Skuratov commented that while they want to cooperate with the Chechen
authorities, the appointment violates Russian law since procurators must
be nominated by Moscow. On 7 January RIA Novosti quoted Sergbiev as
saying that the 1995 raid on Budennovsk, led by presidential candidate
Shamil Basaev, was not a terrorist act but was intended to bring about
peace. -- Peter Rutland

PRIMAKOV REVIEWS FOREIGN POLICY IN 1996 . . . In an interview with ITAR-
TASS on 8 January marking his first year as foreign minister, Yevgenii
Primakov emphasized that domestic factors drive current Russian foreign
policy, saying its principal goal remains the creation of international
conditions which facilitate internal democratization and economic
reform. Moscow aims for "equal partnership" with its partners around the
globe, he added, emphasizing that he wanted to steer a middle course
between the extremes of Soviet-style anti-Westernism and what he termed
the romantic pro-Western approach of his predecessor, Andrei Kozyrev.
Using a favorite theme, he said the emerging multipolar world order gave
Russian diplomacy room for maneuver, and he lauded Russian successes
during 1996 in building ties with China and pushing forward with CIS
integration. But he also admitted that Russia's economic and military
problems often undermine its international position. -- Scott Parrish

. . . AND LINKS CFE REVISION TO RUSSIA-NATO CHARTER. Primakov cited the
December 1996 NATO statement that the alliance has no intention of
deploying nuclear weapons in new East European members as evidence that
firm Russian opposition to NATO expansion was delivering results. He
described the pledge as "insufficient," however, adding that Russia
would use NATO's approach to planned talks on revising the 1990
Conventional Forces in Europe (CFE) treaty to evaluate whether the
alliance was serious about negotiating a substantive Russia-NATO
charter. Hinting that Moscow wants the revised CFE treaty to strictly
limit NATO deployments, Primakov said it could serve as the basis for
"mutual security," and address Russian concerns about the eastward
expansion of NATO military infrastructure. He also insisted that any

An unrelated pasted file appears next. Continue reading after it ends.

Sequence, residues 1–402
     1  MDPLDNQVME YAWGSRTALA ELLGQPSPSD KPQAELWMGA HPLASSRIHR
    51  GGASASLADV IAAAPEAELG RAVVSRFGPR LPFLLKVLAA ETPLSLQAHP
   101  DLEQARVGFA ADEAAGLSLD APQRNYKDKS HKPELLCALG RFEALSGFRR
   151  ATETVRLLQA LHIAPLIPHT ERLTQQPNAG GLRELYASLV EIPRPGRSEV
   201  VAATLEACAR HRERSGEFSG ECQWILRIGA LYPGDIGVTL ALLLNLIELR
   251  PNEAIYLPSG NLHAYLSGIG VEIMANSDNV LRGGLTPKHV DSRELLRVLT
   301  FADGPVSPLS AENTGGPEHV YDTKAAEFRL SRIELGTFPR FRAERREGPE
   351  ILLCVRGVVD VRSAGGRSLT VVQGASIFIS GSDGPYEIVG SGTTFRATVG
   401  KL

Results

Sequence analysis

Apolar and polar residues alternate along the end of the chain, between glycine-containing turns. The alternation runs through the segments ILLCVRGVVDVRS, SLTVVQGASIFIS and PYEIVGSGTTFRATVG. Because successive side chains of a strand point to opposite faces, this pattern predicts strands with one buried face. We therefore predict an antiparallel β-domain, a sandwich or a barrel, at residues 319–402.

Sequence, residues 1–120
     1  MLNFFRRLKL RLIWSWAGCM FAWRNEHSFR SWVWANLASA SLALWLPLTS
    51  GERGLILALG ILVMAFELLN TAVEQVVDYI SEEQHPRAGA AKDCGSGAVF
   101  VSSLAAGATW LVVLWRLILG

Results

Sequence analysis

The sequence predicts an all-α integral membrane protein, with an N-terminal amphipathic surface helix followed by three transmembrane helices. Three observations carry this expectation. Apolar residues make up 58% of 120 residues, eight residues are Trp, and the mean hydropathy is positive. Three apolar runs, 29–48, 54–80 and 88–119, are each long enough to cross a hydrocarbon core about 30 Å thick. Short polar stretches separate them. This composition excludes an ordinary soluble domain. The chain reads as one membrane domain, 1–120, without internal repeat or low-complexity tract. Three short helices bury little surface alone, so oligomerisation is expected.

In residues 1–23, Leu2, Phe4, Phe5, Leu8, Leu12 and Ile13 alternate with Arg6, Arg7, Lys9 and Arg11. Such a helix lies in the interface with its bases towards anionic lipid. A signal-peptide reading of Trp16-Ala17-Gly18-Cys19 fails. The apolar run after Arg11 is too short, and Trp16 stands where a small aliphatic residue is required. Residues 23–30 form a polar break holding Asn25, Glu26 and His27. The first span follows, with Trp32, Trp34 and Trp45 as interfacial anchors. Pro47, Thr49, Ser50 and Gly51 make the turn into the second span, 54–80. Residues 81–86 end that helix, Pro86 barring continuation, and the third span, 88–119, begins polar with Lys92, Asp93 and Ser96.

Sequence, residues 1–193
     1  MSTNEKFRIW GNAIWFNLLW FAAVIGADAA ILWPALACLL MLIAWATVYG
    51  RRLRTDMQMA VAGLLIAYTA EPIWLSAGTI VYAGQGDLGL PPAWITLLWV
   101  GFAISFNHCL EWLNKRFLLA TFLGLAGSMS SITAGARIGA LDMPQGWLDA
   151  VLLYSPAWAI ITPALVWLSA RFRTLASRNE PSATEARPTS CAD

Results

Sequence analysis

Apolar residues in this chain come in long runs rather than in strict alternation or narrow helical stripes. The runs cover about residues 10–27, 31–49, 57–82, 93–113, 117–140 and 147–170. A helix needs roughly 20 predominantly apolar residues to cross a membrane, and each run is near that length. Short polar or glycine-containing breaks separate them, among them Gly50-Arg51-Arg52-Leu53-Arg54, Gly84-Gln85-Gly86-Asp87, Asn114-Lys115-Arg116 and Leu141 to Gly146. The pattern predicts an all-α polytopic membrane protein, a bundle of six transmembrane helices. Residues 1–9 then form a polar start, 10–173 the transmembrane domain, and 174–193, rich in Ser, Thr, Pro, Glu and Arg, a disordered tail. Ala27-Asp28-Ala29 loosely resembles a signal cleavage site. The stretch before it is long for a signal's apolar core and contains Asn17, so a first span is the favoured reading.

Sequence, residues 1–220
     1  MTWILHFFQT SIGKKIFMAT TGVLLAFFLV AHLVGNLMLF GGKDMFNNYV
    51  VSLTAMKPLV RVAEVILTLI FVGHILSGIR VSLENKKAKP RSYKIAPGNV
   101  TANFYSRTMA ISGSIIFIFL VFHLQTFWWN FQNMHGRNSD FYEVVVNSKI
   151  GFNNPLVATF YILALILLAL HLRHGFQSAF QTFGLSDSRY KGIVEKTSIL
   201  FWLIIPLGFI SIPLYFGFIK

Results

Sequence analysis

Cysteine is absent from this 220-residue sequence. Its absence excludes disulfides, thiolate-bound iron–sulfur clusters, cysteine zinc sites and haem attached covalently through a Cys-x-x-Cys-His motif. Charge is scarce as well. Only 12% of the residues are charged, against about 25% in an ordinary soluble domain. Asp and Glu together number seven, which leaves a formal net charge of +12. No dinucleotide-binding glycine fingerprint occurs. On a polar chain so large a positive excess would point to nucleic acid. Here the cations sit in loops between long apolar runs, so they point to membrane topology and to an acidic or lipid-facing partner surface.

charter provide for joint decision-making on important issues,
presumably including NATO enlargement. -- Scott Parrish

RUSSIAN OFFICIALS SLAM WESTERN OBJECTIONS TO CYPRUS MISSILE DEAL. A wide
range of Russian officials and parliamentarians condemned Western
criticism of the recently announced Russian sale of air defense missiles
to Greek-controlled Cyprus on 8 January, Russian and Western media
reported. Expressing the most common viewpoint, Duma Defense Committee
Chairman Lev Rokhlin said the criticism stems from Western efforts to
"oust Russia from the world arms market." Denying that the sale would
jeopardize peace on Cyprus, foreign policy analyst and presidential
council member Sergei Karaganov said the Western reaction to the sale
reflected the "dishonest" competitive tactics used by Western
governments in the struggle for weapons contracts. Gennadii Khormov, a
Ministry of Defense Industry official, told ITAR-TASS the vocal American
objections aimed to deflect attention from Washington's intention to
violate the 1972 ABM treaty. -- Scott Parrish

MOSCOW RADIO STATIONS SILENCED IN CHUVASHIYA. The radio and television
center of the Republic of Chuvashiya cut off local transmissions of the
national radio stations Radio Mayak and Radio-1, RTR reported on 8
January. The center lacks money to pay energy and communications
workers; in particular, it is owed millions of rubles in debts accrued
by the two radio stations last February and March. The radio stations
were restructured in June of last year and have announced that they will